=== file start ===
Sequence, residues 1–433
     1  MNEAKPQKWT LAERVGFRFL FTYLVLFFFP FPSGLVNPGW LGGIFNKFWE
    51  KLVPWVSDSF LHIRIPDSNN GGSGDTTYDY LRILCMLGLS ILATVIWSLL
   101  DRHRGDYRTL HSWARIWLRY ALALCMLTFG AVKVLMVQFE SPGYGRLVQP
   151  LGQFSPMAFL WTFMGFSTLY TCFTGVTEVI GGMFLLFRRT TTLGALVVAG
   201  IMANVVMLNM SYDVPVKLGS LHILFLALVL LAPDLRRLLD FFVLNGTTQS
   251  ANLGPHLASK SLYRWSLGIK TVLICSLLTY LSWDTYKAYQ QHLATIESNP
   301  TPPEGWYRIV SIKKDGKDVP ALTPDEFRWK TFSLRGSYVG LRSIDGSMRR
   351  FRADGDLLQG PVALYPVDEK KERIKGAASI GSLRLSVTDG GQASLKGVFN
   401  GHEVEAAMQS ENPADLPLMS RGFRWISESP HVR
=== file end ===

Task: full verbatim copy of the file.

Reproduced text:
Sequence, residues 1–433
     1  MNEAKPQKWT LAERVGFRFL FTYLVLFFFP FPSGLVNPGW LGGIFNKFWE
    51  KLVPWVSDSF LHIRIPDSNN GGSGDTTYDY LRILCMLGLS ILATVIWSLL
   101  DRHRGDYRTL HSWARIWLRY ALALCMLTFG AVKVLMVQFE SPGYGRLVQP
   151  LGQFSPMAFL WTFMGFSTLY TCFTGVTEVI GGMFLLFRRT TTLGALVVAG
   201  IMANVVMLNM SYDVPVKLGS LHILFLALVL LAPDLRRLLD FFVLNGTTQS
   251  ANLGPHLASK SLYRWSLGIK TVLICSLLTY LSWDTYKAYQ QHLATIESNP
   301  TPPEGWYRIV SIKKDGKDVP ALTPDEFRWK TFSLRGSYVG LRSIDGSMRR
   351  FRADGDLLQG PVALYPVDEK KERIKGAASI GSLRLSVTDG GQASLKGVFN
   401  GHEVEAAMQS ENPADLPLMS RGFRWISESP HVR